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I think that Zig's simplicity hides how revolutionary it is, both in design and in potential. It reminded me of my impression of Scheme when I first learned it over twenty years ago. You can learn the language in a day, but it takes a while to realize how exceptionally powerful it is. But it's not just its radical design that's interesting from an academic perspective; I also think that its practical goals align with mine. My primary programming language these days is C++, and Zig is the first low-level language that attempts to address all of the three main problems I see with it: language complexity, compilation speed, and safety.

In particular, it has two truly remarkable features that no other well-known low-level language -- C, C++, Ada, and Rust -- have or can ever have: lack of macros and lack of generics (and the associated concepts/typeclasses) [1]. These are very important features because they have a big impact on language complexity. Despite these features, Zig can do virtually everything those languages do with macros [2] and/or generics (including concepts/typeclasses), and with the same level of compile-time type safety and performance: their uses become natural applications of Zig's "superfeature" -- comptime.

Other languages -- like Nim, D, C++ and Rust also have a feature similar to Zig's comptime or are gradually getting there -- but what Zig noticed was that this simple feature makes several other complex and/or potentially harmful features redundant. Antoine de Saint-Exupery said that "perfection is achieved, not when there is nothing more to add, but when there is nothing left to take away." I think that Zig, like Scheme -- and yes, there are others -- is close to that minimalist vision of perfection.

What a truly inspiring language. Rather than asking how we could make C++'s general philosophy work better as another increasingly famous language does, IMO, it asks how we could reshape low-level programming in a way that's a more radical break with the past. I think it's a better question to ask. Now all there's left to hope for is that Zig gets to 1.0 and gains some traction. I, for one, would love to find a suitable alternative to C++, and I believe Zig is the first language that could achieve that in a way that suits my particular taste.

[1]: I guess C has the second feature, but it loses both expressivity and performance because of it.

[2]: Without the less desirable things people can do with macros.




I've been a financial backer of Zig for several months now, and plan to continue, because Andrew and the other contributers are pushing language design in directions that no other language is.

That being said, Zig's comptime is not a proper replacement for typeclasses/traits. Zig can do both comptime duck typing and vtable-based dispatch, but it cannot do proper bounded polymorphism type checking. It always fully evaluates types before type checking them. This might make it difficult (or impossible?) to provide type checking error messages of similar quality to Rust. I'm not sure if there are any other practical consequences for realistic programs, though. I suspect there might be issues around interface stability gaurantees, though I can't quite put my finger on why.


Right, they are only approximately comparable, but the important thing to remember is that features of formalisms are never goals in themselves, but rather means to various ends. The goal is never "to have interfaces/typeclasses/traits" but to be able to specify an algorithm that works for a variety of data structures with shared properties. Moreover, I think it would be a mistake for Zig library authors to try and replicate styles used in other languages. Zig provides sufficient mechanisms for expressing programs, and it will develop its own style. There will be elements that are analogous to those in other lanugages, but not identical.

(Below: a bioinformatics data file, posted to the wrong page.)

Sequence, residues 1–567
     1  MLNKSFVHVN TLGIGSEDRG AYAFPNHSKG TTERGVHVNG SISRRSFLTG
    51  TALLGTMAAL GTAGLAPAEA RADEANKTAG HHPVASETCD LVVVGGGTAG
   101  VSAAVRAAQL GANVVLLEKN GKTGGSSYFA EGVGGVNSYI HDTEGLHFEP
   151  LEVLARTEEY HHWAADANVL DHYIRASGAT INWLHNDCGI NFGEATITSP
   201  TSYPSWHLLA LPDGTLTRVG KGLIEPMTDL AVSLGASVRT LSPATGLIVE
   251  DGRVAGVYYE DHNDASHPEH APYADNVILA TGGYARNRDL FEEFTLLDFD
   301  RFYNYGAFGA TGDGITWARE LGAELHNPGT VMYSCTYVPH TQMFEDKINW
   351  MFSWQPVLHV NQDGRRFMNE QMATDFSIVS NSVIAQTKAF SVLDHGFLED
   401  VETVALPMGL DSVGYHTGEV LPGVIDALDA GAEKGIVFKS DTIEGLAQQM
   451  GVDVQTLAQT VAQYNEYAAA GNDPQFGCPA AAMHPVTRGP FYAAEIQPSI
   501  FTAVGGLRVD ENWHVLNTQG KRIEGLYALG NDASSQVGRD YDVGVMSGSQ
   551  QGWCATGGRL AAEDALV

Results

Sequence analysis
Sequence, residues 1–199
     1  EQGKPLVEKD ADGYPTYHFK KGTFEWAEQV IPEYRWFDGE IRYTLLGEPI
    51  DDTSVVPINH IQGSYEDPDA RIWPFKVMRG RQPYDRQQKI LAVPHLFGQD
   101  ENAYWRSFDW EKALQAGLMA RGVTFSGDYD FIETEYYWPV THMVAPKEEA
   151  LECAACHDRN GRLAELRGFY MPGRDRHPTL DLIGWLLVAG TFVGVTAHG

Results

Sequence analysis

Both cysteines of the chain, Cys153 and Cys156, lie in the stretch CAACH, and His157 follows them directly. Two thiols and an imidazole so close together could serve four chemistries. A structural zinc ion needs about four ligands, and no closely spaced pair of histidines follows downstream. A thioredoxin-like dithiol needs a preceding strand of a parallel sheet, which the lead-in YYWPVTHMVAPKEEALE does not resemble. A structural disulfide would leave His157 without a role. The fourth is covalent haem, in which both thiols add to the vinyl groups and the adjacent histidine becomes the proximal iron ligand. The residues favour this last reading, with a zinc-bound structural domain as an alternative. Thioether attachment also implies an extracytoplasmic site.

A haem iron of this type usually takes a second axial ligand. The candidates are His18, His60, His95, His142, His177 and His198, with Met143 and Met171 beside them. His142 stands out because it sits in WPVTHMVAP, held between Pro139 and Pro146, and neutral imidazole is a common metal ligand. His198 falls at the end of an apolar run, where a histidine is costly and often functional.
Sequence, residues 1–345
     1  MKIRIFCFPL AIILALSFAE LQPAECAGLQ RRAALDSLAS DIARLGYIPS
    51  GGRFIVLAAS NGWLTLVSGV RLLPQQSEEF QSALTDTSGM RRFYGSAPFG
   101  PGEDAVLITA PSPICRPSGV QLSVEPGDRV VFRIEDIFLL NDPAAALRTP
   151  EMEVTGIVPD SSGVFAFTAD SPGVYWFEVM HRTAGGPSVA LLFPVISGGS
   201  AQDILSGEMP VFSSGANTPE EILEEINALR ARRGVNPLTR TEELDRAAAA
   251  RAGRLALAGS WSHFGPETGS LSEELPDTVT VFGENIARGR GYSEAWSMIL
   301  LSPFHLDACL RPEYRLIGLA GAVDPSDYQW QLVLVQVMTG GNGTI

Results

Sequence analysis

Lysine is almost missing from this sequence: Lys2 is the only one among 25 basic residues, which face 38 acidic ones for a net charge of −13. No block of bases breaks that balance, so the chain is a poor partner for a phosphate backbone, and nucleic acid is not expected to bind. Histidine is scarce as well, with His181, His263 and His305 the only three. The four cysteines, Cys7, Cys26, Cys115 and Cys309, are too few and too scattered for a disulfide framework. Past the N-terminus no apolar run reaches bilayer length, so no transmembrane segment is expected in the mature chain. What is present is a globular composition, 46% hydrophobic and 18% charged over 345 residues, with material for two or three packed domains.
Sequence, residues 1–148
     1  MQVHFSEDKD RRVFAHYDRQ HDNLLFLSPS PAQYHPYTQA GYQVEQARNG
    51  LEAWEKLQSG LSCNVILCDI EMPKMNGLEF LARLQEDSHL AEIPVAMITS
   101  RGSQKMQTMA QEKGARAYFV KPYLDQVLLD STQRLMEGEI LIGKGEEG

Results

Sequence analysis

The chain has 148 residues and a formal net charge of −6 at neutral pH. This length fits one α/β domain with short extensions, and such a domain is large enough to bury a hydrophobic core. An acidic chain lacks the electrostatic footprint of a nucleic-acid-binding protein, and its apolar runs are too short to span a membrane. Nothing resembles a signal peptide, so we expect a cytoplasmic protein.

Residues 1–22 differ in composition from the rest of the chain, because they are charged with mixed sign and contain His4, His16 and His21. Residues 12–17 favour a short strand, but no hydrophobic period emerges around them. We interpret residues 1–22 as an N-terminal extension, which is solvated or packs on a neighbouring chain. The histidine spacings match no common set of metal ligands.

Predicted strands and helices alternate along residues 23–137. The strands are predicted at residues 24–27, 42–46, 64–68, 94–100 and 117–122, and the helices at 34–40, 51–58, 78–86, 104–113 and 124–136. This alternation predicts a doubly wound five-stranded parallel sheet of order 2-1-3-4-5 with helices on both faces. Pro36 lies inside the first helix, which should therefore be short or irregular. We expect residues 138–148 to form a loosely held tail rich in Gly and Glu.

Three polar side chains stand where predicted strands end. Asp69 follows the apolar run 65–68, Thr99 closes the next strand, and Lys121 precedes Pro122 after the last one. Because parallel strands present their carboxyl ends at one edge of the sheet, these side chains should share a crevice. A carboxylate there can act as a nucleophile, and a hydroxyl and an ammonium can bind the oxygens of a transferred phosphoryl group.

Having said that, I do support a proposal for specifying a type at the parameter declaration with some type -> bool function.

I like this quote by Leslie Lamport about comparing formalisms (he talks about specification languages rather than programming languages, but the sentiment is the same):

> Comparisons between radically different formalisms tend to cause a great deal of confusion. Proponents of formalism A often claim that formalism B is inadequate because concepts that are fundamental to specifications written with A cannot be expressed with B. Such arguments are misleading. The purpose of a formalism is not to express specifications written in another formalism, but to specify some aspects of some class of computer systems. Specifications of the same system written with two different formalisms are likely to be formally incomparable… Arguments that compare formalisms directly, without considering how those formalisms are used to specify actual systems, are useless.


> Other languages -- like Nim, D, C++ and Rust also have a feature similar to Zig's comptime or are gradually getting there -- but what Zig noticed was that this simple feature makes several other complex and/or potentially harmful features redundant.

I'm curious where this impression of Zig comes from, as this is precisely what Nim has set out to do: a small core extensible via metaprogramming. Are there features that Nim implements which go against this premise? if so, what are they? :)


> Are there features that Nim implements which go against this premise? if so, what are they? :)

Nim has generics (plus concepts), templates, and macros. Zig has just comptime, through which it achieves all those goals (minus some macro capabilities that it deems harmful anyway) with just one, very simple, cohesive construct. You could argue on whether you like this or not, but you can't argue that Zig's approach isn't fundamentally more minimal. Zig is a language you can reasonably fully learn in one day; I don't think you could say the same about Nim.

---

Also, note another remarkable feature. One could define a language called Zig' with the following properties:

1. Every well-formed Zig program is a well-formed Zig' program (i.e. Zig' accepts all Zig programs, potentially more).

2. Every Zig program has the same semantics as the identical program when interpreted in Zig'.